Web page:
The biggest failure in personal finance, in my opinion, is failing to offset personal finance with finance. At some point your personal finances and the world of finance have to meet. Where they intersect is opportunity, and whether or not you choose to play this opportunity is up to you.
This is one thing I don’t particularly enjoy about personal finance. Personal finance is all about avoiding risk by creating a symbiotic system where you can control and minimize as many possibilities for failure. Screw that! As far as I see it, you can go bankrupt a billion times, but you only need to get filthy rich once. I like that flexibility.
I don’t want to speculate on the future of the housing market, but I don’t think we’re going significantly lower. (See post on home price trends.) With that said, I don’t think home prices are going higher, either. However, there is something that I suspect will be going higher: interest rates.
The current interest rate environment is providing once in a lifetime opportunities. Never has the Fed targeted near-zero or zero percent rates (0-.25% overnight rate). Here’s a historical target rate chart for monetary policy:
Here’s a chart of 30-year mortgage rates over the past five years; you’re not getting in at the absolute bottom, but you’re getting in pretty flippin’ cheap:
The way I see it is that with each passing day you risk the possibility of missing out on the lowest rates in history. When you’re at the bottom, there’s no way to go but up, and there’s no such thing as refinancing to save money when rates are on the rise.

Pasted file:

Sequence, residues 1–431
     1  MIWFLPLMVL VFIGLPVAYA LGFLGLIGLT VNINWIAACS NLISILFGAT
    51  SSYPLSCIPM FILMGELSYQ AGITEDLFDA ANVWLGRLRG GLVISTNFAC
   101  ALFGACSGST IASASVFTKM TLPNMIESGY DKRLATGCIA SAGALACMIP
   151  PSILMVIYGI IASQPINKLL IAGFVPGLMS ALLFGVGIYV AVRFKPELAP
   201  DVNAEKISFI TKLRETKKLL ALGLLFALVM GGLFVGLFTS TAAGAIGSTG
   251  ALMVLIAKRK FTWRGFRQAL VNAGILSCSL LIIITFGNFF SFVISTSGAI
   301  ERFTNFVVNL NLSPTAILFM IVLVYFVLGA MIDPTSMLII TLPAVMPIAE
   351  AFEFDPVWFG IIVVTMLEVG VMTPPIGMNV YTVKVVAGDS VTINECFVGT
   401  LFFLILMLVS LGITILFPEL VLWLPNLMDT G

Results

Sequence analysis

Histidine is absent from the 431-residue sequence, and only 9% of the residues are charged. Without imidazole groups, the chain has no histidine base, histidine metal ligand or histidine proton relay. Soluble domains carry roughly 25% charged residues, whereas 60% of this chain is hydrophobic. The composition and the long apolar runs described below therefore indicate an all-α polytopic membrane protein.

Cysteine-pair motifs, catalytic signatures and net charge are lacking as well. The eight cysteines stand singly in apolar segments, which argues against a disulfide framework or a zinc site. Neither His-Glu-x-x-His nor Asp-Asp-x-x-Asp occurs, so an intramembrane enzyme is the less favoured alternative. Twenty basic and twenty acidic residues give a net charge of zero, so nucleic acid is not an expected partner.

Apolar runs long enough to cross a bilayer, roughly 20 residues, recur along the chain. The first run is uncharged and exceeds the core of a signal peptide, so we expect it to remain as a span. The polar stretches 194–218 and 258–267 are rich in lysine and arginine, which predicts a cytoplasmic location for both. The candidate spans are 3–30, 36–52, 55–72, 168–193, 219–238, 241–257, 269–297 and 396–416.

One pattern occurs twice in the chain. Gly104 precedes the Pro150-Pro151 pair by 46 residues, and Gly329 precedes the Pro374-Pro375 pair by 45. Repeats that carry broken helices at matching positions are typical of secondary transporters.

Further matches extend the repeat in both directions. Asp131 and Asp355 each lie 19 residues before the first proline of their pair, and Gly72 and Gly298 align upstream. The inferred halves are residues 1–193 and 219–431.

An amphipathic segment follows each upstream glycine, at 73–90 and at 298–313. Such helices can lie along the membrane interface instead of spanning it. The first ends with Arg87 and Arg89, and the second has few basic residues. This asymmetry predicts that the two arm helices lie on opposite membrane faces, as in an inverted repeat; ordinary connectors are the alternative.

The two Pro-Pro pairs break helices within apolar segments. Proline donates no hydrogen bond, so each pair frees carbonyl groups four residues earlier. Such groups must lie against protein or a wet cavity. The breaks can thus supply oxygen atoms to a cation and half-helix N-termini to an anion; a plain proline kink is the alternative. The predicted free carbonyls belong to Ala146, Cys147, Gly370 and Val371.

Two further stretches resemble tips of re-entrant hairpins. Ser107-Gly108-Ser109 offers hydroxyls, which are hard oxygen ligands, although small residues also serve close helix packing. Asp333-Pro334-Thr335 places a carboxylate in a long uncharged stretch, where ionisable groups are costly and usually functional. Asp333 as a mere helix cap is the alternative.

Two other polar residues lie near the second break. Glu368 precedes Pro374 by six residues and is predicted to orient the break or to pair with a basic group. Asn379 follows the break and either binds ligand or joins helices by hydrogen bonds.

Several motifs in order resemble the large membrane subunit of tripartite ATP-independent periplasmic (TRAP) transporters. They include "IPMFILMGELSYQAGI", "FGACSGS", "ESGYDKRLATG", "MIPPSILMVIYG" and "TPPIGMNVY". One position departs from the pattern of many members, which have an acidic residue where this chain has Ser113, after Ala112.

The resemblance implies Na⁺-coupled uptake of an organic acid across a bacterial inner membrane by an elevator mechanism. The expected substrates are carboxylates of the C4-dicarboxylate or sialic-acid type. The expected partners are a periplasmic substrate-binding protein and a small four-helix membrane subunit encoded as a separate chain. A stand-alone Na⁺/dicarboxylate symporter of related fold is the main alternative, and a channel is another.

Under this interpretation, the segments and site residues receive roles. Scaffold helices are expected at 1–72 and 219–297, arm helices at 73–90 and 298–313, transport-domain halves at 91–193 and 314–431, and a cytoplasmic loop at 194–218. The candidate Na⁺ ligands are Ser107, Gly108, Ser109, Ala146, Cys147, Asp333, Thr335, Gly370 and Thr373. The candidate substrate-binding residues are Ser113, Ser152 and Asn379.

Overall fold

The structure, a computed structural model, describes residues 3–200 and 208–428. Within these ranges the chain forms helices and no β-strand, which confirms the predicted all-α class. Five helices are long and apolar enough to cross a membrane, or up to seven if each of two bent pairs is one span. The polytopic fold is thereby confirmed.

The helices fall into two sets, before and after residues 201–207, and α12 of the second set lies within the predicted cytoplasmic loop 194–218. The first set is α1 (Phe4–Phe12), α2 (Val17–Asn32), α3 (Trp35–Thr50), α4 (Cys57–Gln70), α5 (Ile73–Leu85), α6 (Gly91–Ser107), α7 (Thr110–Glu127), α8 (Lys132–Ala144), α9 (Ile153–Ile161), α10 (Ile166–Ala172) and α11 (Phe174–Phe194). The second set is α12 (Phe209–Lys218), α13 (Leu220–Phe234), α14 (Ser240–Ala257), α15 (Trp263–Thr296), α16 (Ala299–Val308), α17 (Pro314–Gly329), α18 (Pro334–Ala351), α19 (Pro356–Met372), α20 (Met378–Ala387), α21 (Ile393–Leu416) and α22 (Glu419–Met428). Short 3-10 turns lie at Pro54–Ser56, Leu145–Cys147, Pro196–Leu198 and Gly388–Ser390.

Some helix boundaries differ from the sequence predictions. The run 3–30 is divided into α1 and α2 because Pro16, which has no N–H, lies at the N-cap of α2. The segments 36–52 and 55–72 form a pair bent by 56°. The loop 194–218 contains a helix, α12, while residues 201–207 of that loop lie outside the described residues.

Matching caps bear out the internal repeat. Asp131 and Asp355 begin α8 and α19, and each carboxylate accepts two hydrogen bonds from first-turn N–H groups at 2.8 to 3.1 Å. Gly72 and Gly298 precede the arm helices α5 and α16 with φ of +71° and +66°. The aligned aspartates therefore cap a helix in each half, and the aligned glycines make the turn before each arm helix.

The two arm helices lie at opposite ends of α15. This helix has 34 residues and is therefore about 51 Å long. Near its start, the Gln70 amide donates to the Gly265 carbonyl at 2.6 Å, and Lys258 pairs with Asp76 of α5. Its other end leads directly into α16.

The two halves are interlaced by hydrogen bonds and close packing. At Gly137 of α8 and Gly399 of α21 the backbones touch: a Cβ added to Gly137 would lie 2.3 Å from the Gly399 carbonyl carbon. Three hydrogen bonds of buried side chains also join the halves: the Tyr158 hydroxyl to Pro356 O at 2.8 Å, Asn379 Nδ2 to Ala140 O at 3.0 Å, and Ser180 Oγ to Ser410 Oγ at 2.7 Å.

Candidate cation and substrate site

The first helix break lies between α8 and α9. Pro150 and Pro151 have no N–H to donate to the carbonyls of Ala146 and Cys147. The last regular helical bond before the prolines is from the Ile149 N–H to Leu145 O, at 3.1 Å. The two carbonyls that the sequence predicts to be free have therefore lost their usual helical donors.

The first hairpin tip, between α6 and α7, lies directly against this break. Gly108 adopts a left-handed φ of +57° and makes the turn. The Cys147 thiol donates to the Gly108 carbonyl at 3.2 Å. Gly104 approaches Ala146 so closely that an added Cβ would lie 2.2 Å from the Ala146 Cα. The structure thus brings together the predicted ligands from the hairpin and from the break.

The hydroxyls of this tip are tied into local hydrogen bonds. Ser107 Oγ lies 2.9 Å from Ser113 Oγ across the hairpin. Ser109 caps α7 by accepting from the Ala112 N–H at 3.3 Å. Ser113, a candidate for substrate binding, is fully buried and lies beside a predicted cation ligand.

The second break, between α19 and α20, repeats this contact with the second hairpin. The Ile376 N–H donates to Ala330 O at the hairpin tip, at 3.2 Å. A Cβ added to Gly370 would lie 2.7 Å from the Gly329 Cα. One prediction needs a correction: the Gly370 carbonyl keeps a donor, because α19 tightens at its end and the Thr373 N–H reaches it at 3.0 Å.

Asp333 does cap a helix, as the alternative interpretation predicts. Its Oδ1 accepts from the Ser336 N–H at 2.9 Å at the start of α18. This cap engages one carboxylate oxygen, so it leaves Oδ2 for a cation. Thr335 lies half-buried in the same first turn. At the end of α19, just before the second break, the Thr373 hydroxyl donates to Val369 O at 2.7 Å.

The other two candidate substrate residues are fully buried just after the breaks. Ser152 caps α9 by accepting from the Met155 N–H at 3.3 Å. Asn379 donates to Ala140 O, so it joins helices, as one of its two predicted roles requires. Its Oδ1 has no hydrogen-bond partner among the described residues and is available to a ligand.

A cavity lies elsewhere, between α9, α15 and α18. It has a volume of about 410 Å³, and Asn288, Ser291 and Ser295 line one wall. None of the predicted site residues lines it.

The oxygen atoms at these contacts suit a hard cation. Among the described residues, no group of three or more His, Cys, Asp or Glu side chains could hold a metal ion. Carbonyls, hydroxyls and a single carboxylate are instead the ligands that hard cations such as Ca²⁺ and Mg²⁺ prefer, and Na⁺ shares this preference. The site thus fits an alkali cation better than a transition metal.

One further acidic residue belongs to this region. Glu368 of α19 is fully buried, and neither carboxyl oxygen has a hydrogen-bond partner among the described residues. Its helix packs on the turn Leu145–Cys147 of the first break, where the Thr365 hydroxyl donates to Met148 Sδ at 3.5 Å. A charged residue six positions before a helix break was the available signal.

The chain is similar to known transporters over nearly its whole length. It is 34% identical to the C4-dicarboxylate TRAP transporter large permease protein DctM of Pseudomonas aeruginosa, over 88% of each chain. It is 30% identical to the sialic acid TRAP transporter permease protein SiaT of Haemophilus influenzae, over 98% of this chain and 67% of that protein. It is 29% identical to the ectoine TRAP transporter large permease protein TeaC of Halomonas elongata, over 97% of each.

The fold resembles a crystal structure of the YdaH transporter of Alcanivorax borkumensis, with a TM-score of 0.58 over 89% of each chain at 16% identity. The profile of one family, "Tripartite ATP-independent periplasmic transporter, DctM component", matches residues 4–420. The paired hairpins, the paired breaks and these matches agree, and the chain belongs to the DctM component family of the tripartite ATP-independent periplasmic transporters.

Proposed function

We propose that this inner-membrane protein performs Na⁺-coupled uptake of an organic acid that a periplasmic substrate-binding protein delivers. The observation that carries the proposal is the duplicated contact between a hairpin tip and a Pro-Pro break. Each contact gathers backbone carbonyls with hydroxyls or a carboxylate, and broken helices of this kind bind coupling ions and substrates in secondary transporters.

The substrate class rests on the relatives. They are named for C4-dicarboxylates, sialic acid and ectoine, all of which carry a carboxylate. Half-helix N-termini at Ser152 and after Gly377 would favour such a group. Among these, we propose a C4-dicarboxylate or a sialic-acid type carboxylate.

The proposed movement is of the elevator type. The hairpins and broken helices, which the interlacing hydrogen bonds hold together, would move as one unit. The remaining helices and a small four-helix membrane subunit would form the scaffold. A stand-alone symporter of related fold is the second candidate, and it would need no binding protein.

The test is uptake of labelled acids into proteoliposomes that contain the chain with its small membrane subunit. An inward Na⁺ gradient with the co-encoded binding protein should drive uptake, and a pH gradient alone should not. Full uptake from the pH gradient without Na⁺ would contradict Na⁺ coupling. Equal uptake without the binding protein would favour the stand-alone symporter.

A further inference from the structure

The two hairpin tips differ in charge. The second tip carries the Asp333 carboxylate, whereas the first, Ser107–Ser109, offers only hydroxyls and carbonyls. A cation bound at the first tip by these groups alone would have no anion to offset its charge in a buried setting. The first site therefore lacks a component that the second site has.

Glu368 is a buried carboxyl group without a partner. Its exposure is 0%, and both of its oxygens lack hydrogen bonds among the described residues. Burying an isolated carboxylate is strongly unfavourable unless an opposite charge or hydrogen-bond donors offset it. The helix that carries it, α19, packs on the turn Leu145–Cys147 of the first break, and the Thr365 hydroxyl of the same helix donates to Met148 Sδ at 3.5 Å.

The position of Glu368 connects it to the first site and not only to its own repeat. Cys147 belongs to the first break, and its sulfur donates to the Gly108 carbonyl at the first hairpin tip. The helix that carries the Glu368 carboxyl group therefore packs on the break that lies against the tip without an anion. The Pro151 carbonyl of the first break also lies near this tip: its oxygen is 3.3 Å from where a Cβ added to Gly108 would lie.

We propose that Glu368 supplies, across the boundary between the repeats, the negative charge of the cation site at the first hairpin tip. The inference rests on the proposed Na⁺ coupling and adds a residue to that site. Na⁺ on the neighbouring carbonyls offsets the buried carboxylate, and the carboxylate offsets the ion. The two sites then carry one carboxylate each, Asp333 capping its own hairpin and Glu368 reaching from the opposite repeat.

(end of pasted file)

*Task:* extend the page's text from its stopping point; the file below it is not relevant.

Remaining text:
What’s the difference between a $100,000 loan at 4.9% and one at 6.0% over 30 years? Oh, just under $25,000, or one-fourth of the total loan amount. I could also mention that a lower rate is probably also a lower tax-adjusted rate. That’s a bit too abstract, and I don’t want to have to graph it, nor quantify it, nor sit here and create another example for it. But it’s a real cost that I’m just going to insert right…about…here.
Please, whatever you do, don’t let Dave Ramsey’s advice from periods of higher interest rates get in the way of making a rational, reasonable decision to lock in the lowest rates you’ll probably see in your lifetime. Instead, you should let some punk kid with a $10 domain name and half-assed blog design tell you how to orchestrate the largest purchase you’ll make in your life. That makes sense! 😛
Fed rates and homeownership were mentioned in another post of mine: why the Fed won’t raise rates until 2012. The Fed is underwriting the housing market, but only temporarily. You can play waiting games if you want, but I certainly wouldn’t.
P.S. I don’t know if Dave Ramsey advocates building an emergency fund before buying a home, but because it sounds like a bad idea I’m sure he does. I wonder if he’ll tackle emergency funds for businesses in his Entreleadership book.
Photo by: James.Thompson